Think you get that warm and fuzzy reception when you visit the "big dogs" in Switzerland or Germany? Think again. But I also want to clear up any potential misunderstanding. I have absolutely NO idea what the atmosphere is like at Seiko, Citizen, etc. So I do not want to convey the notion that this is a Japan vs. Europe thing. I do not travel in the circles of writers & (more specifically) influencers who have visited the big watch dogs of Japan. What I have heard is that they tend to have press junkets, where there is time to rehearse, plan and execute the same presentation that was given to the last group of journalists that came through. And fair enough, when you're that big, and you have that many visitors, it's sensible to work from a script. But the point I am making here is that I requested several different examples that bordered on full-blown presentations, pretty much on the spot, on the day of the tour. and they ALL were accommodated with no questions asked. No matter how complex or time consuming, the folks at Minase wanted to show what they could do. Not because the boss told them to, but because of the pride that they clearly take in their work.
The Divido is in some ways a very complex puzzle, and while that adds a certain cool cachet, that is not really the point. The point was to have a watch that could last a lifetime, no matter what life dishes out to it.
So just how do you adjust the bracelet?
I have borrowed a photo from the Minase website to give you a look at the underside of the bracelet.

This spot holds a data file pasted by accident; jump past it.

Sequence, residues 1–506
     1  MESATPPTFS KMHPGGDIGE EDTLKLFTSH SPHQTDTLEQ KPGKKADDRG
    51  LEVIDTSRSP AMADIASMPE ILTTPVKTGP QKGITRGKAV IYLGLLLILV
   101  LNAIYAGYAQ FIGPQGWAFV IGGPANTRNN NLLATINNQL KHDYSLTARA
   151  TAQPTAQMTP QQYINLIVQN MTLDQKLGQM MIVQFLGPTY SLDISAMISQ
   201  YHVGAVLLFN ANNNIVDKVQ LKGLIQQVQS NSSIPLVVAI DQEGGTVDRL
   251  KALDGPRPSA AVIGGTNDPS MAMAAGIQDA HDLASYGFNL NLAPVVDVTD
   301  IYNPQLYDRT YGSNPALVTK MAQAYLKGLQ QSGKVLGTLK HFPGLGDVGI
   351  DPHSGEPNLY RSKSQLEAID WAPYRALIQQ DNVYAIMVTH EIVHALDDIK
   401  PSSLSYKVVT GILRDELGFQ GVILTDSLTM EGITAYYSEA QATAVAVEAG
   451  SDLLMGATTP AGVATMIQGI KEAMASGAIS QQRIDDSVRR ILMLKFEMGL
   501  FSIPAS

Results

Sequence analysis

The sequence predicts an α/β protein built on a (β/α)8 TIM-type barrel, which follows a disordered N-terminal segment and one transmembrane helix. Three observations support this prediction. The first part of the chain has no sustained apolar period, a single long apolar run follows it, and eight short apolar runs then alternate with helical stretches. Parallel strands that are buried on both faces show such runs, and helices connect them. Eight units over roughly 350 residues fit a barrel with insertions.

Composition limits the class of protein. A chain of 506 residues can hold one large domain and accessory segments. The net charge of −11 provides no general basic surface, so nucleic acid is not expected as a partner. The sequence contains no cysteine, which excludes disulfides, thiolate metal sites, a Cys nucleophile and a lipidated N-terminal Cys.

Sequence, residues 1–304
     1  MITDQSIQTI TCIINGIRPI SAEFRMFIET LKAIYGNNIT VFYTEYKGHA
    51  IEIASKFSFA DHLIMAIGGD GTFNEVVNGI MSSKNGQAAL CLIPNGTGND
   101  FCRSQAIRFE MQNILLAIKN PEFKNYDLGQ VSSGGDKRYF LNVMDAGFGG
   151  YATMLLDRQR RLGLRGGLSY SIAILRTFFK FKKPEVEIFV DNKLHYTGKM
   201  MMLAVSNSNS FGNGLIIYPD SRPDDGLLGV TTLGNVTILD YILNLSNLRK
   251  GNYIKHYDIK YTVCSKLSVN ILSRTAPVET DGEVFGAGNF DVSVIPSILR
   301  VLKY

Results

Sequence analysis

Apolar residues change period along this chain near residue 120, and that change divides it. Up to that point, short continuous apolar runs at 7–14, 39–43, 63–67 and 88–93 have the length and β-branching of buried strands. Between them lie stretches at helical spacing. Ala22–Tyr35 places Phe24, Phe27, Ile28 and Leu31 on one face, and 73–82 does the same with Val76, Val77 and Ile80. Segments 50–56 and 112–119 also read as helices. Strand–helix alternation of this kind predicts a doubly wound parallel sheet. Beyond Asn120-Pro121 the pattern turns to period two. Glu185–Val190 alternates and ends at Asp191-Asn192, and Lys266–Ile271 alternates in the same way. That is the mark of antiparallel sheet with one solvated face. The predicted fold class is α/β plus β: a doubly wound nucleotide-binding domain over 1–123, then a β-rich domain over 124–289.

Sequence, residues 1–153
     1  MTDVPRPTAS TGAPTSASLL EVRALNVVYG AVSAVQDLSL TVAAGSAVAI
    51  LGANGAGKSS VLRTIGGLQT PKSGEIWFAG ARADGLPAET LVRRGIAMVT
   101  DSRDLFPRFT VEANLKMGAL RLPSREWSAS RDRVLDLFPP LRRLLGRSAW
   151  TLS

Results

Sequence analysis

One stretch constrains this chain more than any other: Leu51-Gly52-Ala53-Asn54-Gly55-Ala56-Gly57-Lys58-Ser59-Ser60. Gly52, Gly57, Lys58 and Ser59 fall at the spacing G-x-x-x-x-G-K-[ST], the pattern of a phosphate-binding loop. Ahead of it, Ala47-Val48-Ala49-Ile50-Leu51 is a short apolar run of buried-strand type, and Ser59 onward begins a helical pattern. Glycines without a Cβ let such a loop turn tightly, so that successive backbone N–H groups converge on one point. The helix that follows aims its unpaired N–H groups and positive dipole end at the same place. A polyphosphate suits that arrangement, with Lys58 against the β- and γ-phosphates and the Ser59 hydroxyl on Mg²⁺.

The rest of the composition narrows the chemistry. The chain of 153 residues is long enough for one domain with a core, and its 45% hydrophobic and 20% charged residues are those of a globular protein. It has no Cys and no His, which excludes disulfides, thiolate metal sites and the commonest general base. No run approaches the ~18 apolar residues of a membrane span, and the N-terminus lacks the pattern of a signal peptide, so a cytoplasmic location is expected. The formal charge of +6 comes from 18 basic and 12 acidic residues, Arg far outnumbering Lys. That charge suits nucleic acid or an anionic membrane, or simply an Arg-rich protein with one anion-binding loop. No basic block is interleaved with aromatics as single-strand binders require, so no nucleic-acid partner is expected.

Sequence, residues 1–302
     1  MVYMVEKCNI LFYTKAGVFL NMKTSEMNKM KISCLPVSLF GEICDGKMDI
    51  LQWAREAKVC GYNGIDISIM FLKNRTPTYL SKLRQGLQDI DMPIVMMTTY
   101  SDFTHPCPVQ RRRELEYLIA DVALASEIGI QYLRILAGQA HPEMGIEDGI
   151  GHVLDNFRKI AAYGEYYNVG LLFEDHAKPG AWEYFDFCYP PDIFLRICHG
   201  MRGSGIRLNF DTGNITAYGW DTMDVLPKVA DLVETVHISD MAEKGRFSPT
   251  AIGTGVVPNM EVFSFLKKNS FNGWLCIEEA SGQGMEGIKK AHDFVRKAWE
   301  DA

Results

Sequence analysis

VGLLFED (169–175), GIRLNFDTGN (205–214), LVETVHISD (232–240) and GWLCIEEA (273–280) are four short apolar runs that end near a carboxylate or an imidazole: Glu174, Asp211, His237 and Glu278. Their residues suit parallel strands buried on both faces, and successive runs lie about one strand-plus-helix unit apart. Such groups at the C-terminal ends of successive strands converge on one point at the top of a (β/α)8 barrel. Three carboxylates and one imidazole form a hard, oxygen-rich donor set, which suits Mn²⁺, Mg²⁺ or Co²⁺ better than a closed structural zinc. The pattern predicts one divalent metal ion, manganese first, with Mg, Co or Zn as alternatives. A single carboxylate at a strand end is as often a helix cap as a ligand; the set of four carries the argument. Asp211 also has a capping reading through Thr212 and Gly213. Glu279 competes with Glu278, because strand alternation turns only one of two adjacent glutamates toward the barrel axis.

|Courtesy of Minase|
Yes, that is Locktite (or something like it). They don't use a lot, but just enough to be certain that things are held together safe and secure.
Once the bracelet was reassembled, the next step was to put the case together.
And finally attach the bracelet.
And there you have it!
So some reflections -
The Minase factory is not a shiny, space age, hermetically sealed facility. It is an open, lived-in work space where real people make real things with their hands. Does Minase have the same public recognition as say Grand Seiko? No, or at least not yet. But what they do have, for lack of a better way to put it, is "Minas sais quoi". My own little linguistic creation borrowing a wee bit from the French - je ne sais quoi. For those of you who did not benefit from a Gallic linguistic upbringing, it translates to something that is appealing, but you can't adequately describe or articulate what that something is. It is as much a feeling as a quality. And having spent some time at Minase and in Yuzawa, I can honestly say that while I can't completely articulate or describe it, I can honestly say that I get it.
Interesting to relate, I popped into the duty free store to examine the Seikos (Japan market only, not available in the US) and Grand Seikos. And while they were perfectly nice, they did not give me the same feeling that the Minase watches did. Suffice it to say, the band of watchmaking brothers and sisters from Yuzawa made a real impression on me.
And although part of the story ends here, I encourage you to stay tuned for the next few days. The folks at Minase were so confident of their watches, they asked me to do a review. And before you ask, NO. They did not go to the vault for a brand new, unworn specimen. And they did not recall a watch from a retailer. They felt that as I had seen the disassembly and reassembly of a Minase Divido, I should review the one I had observed in its deconstructed form.
So seven days with the Minase Divido begins now.